To the Editor:
Regarding Kim Healy‘s letter on local zoning control, while I strongly disagree with pretty much the entire thing, I wanted to draw particular attention to one issue, the so-called “mansion tax.”
If you believe, as I hope most of us do, that every child in Connecticut deserves a great education, and you acknowledge that the property tax bases of many of our cities are (through no fault of their own) too low to pay for a world-class education for every child living in them, there are three ways you can address that problem:
- Regionalization, pooling students and resources from neighboring cities and towns so that every child in the area can attend an excellent, diverse, well-funded school
- Affordable housing, making it possible for more people to move out of cities and into towns with great school systems like Wilton’s
- Redistribution, collecting money from residents of wealthy towns and using it to support the school systems of less wealthy ones.
If “local control” is important to you, as it seemingly is to Ms. Healy, then you ought to be an enthusiastic supporter of option #3, as it’s the only one under which Wilton retains full control of its school system and zoning. If you don’t want the state forcing you to merge with other school systems, and you don’t want the state forcing you to erect reasonably-priced apartments, then you should strongly favor a system in which money is pooled but control remains local. It is the absolute least we can do.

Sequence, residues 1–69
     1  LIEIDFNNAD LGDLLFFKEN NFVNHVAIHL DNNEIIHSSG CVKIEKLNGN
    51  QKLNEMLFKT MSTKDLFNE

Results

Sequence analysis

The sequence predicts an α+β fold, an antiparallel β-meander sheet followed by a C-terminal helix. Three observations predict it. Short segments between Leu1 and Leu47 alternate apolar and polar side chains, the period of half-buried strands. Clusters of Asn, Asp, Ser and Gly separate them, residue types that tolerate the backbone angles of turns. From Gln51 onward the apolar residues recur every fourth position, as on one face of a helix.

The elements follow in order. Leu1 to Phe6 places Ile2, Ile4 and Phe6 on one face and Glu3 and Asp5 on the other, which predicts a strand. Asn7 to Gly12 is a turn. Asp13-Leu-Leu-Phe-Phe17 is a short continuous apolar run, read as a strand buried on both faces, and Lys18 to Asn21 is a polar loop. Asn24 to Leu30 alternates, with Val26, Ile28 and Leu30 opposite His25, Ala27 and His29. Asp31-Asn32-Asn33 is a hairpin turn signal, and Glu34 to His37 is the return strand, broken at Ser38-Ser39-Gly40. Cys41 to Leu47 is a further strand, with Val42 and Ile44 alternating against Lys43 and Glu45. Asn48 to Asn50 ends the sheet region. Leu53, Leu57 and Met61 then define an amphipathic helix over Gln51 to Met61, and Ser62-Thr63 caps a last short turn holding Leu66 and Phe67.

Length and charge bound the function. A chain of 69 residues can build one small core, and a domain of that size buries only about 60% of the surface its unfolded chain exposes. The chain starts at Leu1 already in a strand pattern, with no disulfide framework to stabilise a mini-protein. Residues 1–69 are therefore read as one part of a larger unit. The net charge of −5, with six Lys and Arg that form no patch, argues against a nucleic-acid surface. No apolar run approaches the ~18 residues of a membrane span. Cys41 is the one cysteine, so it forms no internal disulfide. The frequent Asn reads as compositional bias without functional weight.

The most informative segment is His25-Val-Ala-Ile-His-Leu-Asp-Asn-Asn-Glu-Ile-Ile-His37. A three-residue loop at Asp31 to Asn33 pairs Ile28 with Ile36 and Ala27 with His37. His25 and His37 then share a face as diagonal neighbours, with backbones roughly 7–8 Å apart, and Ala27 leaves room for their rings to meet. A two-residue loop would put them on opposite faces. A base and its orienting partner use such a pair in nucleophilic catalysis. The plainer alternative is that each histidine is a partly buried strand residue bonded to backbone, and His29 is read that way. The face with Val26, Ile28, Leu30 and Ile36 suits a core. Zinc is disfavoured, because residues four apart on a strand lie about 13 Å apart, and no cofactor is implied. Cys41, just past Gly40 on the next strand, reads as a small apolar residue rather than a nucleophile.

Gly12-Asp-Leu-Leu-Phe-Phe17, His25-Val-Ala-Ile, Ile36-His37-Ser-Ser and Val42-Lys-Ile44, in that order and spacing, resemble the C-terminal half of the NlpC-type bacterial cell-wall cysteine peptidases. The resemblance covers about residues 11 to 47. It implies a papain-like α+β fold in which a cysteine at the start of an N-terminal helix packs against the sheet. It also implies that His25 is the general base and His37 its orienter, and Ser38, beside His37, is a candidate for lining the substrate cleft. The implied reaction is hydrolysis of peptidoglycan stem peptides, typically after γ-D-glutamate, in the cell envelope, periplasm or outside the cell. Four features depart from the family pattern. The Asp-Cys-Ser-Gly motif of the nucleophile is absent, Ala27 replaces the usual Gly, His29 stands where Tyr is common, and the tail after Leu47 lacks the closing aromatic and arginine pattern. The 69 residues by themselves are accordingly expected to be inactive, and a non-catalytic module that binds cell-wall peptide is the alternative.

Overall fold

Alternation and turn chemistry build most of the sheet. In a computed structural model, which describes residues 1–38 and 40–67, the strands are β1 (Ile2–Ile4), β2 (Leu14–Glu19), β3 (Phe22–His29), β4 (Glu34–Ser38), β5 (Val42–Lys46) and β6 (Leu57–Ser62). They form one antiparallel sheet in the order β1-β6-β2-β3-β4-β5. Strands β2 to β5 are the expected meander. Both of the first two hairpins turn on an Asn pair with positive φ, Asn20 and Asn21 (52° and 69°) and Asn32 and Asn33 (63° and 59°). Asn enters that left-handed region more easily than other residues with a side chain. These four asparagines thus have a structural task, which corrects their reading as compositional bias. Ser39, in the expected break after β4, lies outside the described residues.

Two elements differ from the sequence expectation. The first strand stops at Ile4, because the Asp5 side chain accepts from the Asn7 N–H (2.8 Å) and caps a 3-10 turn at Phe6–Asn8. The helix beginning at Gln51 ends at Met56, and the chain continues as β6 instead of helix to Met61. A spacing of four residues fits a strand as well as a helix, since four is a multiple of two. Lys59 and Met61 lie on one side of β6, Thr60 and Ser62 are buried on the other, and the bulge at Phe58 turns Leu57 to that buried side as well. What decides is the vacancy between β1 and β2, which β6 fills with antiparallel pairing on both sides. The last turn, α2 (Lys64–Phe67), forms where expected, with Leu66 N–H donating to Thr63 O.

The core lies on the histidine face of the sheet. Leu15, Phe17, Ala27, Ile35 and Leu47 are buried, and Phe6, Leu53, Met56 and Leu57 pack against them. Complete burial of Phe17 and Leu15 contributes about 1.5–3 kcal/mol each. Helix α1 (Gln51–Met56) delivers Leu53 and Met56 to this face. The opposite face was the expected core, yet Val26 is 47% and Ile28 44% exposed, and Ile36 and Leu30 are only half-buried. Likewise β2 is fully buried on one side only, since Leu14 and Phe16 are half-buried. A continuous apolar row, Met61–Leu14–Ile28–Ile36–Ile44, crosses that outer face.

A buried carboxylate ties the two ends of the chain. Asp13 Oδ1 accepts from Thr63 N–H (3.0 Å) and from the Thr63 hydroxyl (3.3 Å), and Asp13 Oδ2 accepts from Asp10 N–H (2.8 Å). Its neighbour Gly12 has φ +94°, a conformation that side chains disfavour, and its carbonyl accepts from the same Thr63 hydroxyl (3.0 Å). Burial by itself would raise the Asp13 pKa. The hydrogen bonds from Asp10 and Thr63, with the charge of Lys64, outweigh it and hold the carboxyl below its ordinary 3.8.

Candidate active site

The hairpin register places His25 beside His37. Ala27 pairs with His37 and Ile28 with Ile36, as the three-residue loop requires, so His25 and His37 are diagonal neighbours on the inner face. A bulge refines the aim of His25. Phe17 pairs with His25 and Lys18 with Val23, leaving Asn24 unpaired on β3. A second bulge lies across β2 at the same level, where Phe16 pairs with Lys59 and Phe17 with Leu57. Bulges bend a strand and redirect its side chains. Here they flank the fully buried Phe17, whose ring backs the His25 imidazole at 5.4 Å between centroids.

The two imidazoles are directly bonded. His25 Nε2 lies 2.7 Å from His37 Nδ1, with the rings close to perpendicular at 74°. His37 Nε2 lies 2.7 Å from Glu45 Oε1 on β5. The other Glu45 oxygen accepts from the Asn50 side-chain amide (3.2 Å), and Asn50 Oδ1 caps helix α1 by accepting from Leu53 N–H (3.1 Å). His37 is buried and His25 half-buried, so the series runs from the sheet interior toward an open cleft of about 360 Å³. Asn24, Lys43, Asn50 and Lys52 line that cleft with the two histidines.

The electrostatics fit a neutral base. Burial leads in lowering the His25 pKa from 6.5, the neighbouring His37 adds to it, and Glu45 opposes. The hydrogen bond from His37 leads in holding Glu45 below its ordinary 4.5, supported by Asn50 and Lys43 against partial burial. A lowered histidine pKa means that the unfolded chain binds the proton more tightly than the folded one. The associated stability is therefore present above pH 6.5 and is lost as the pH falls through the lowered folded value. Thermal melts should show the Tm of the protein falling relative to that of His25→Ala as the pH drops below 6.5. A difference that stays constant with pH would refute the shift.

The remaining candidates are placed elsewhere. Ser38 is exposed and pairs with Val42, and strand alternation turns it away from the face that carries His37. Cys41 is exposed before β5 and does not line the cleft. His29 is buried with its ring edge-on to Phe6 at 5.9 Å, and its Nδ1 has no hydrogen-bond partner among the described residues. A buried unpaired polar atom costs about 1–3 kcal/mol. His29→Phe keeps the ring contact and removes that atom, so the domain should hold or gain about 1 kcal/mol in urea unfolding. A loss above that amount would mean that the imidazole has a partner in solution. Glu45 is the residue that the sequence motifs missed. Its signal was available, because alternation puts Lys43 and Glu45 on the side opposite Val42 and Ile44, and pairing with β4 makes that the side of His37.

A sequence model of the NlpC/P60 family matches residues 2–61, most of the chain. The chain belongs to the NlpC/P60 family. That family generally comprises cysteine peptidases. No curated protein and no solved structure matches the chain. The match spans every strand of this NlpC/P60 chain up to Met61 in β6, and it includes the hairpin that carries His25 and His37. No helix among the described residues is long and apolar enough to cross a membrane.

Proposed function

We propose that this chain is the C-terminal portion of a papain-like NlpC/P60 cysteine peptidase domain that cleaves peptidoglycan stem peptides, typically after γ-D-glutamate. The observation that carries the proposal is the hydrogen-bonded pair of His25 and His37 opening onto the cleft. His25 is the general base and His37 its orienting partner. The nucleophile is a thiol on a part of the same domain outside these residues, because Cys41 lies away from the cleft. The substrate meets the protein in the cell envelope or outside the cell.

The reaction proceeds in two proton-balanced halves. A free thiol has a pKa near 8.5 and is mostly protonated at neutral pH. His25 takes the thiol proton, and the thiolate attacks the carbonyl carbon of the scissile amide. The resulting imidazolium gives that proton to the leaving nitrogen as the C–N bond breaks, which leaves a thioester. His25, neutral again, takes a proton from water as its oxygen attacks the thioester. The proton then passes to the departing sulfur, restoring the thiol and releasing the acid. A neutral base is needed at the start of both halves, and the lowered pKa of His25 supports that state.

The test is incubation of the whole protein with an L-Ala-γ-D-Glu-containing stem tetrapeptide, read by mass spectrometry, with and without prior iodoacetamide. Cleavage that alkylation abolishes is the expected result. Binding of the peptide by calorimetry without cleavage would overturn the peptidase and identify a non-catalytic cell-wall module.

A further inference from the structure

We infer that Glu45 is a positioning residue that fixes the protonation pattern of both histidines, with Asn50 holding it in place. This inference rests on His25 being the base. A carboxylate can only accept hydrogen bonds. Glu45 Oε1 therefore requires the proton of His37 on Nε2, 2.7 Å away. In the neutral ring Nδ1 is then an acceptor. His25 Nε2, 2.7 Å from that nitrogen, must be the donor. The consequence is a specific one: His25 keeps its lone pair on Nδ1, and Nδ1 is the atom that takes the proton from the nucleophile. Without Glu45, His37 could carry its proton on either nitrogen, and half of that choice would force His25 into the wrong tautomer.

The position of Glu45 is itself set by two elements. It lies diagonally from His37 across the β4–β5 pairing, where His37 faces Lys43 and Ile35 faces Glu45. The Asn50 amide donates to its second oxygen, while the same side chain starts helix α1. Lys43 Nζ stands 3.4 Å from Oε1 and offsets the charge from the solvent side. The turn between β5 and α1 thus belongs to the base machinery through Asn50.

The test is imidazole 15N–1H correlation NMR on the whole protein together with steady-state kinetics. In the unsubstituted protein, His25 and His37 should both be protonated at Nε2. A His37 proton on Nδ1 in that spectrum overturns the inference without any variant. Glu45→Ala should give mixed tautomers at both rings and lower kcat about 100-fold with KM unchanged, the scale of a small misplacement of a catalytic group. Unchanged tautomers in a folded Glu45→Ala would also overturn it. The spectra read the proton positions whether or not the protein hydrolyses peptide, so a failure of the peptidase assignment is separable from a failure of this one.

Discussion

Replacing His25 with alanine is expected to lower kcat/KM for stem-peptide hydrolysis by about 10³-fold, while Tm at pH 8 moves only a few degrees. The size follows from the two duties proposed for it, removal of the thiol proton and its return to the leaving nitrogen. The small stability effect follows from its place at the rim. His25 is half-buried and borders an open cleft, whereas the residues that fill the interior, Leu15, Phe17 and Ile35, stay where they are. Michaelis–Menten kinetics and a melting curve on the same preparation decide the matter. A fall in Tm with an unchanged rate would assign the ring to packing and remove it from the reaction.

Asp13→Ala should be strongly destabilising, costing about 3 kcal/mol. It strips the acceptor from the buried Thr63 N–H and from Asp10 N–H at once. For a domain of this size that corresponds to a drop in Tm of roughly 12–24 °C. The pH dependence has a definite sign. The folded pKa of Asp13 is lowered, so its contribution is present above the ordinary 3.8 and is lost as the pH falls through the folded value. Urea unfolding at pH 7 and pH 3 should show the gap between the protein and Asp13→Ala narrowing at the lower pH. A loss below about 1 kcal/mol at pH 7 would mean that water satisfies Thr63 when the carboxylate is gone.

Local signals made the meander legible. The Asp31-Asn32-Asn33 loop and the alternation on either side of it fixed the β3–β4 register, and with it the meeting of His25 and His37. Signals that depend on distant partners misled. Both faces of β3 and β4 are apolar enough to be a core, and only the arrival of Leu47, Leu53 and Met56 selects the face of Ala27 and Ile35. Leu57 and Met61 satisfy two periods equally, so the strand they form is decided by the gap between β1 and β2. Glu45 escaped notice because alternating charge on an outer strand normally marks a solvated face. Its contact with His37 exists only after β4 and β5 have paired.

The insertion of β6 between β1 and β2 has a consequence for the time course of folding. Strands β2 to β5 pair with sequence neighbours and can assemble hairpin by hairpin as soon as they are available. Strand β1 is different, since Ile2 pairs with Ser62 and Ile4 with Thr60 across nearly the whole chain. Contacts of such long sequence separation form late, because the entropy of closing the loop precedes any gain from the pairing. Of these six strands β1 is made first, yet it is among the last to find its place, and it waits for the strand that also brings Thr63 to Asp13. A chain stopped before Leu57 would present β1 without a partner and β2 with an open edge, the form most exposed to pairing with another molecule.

Personally, I don’t think that goes nearly far enough; sending money to urban school districts without also trying to break down the barriers that keep people out of suburban ones is simply an ugly 21st-century perpetuation of “separate but equal.” Redistributing money so that we are no longer in a situation where a child in Wilton has $22,000/year spent on their education while a child in Bridgeport has $14,000/year spent on theirs would be a step in the right direction, but only a baby step.
I recognize that my views are likely not shared by a majority of Wilton voters yet, but I also believe that that will change over time, as older residents leave and younger ones move in to replace them, and that until then, Wilton loudly opposing efforts to make our state a more equitable place to live will only serve to scare away new residents and make us look like a town full of angry Neanderthals.
If Haskell and Thomas need to oppose these bills to keep their seats then so be it – they have to keep their constituents happy and can do more good in office than out of it – but I very much hope that they do so quietly and reluctantly, rather than letting the likes of Ms. Healy goad them into leading another obnoxious “Hands off our Schools” type fiasco.